Newborn's rash linked to mother's antibodies

June 1, 2012

You are called from your office to the nursery to see a healthy newborn with a diffuse facial eruption. Her mother, who had a normal pregnancy, labor, and delivery, has a history of Sjogren's syndrome.

THE CASE

You are called from your office to the nursery to see a healthy newborn with a diffuse facial eruption. Her mother, who had a normal pregnancy, labor, and delivery, has a history of Sjögren's syndrome. Both mother and baby have SSA/Ro and SSB/La antibodies. Other laboratory studies, including a complete blood count and liver function tests, and a cardiac examination with an electrocardiogram were normal.

DIAGNOSIS: Neonatal lupus erythematosus

Cutaneous manifestations of NLE occur in 15% to 25% of cases.1 In most instances, a rash appears between 4 and 6 weeks but may present at birth or not until the infant reaches several months of age.1,4 The typical rash is characterized by 0.5-cm to 3-cm annular erythematous papules and plaques with atrophy, telangiectasias, dyspigmentation, and central scale.4

The rash frequently begins on the scalp and face, and periocular involvement is sometimes prominent, but it may spread to involve the neck, upper trunk, and upper extremities.1,4,5 It tends to be photosensitive but may appear in non-sun-exposed areas, including the palmar-plantar surfaces and diaper area. The rash is usually transient, lasting a mean duration of 15 to 17 weeks.1,6 Its disappearance coincides with the clearance of maternal IgG antibodies from the infant's circulation.4 However, in 10% to 20% of cases, subtle atrophy, telangiectasias, and pigmentary changes may remain.1,4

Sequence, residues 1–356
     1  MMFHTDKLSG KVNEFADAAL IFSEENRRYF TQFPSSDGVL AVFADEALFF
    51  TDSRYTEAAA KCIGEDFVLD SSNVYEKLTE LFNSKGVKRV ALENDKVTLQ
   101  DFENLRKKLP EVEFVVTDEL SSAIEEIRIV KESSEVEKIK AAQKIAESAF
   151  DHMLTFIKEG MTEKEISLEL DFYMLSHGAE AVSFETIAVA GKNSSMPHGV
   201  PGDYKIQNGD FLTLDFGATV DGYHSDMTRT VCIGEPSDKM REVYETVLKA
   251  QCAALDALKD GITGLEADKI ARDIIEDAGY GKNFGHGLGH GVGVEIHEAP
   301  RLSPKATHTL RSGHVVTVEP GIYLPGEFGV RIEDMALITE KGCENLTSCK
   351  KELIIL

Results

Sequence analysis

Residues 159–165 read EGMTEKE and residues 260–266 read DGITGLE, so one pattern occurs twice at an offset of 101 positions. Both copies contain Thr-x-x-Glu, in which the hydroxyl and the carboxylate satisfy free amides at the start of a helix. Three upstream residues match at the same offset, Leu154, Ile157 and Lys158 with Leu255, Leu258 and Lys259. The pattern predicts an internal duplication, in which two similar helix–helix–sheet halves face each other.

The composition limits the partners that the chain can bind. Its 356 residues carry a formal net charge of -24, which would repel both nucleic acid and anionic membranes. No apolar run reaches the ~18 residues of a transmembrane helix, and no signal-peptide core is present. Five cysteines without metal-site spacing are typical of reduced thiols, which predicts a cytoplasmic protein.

PATHOPHYSIOLOGY

More than 95% of cutaneous cases of NLE involve circulating SSA/Ro antibodies, but there are reported cases of only U1RNP antibodies being present.1 One study found that cutaneous NLE in an SSA/Ro antibody-exposed infant predicted a 6- to 10-fold risk of a subsequent pregnancy developing cardiac NLE.6 Other manifestations may be seen, including petechiae or purpura secondary to thrombocytopenia and jaundice secondary to hepatic involvement.7

Neonatal lupus erythematosus is the number one cause of congenital heart block.4 Cardiac complications of NLE are associated with significant morbidity and mortality.6 Nearly 67% of neonates with cardiac manifestations of NLE require pacemaker placement, and as many as 20% to 30% die.

Approximately 10% of cases of NLE are associated with liver and hematologic involvement.8 Hepatic involvement is typically characterized by an asymptomatic elevation in alanine aminotransferase and aspartate aminotransferase, but hyperbilirubinemia, hepatitis, hepatomegaly, splenomegaly, and even liver failure have been reported.1,8